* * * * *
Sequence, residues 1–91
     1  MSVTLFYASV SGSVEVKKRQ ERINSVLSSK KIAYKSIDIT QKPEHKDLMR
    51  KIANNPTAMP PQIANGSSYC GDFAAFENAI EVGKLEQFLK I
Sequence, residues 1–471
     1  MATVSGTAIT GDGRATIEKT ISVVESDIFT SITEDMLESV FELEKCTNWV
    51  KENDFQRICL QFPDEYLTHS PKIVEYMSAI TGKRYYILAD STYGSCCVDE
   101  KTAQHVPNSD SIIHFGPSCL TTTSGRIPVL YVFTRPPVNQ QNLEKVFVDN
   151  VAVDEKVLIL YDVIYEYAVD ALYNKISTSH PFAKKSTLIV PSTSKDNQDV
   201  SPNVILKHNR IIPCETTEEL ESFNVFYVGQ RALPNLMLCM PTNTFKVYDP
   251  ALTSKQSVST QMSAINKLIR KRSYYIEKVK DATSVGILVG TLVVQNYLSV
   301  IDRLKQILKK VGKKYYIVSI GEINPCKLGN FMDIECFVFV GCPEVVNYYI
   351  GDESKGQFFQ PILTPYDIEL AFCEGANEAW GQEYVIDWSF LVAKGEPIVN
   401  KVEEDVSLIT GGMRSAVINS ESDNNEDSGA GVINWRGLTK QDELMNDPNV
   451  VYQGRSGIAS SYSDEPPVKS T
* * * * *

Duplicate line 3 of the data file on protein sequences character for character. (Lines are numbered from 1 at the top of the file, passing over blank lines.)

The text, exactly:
    51  KIANNPTAMP PQIANGSSYC GDFAAFENAI EVGKLEQFLK I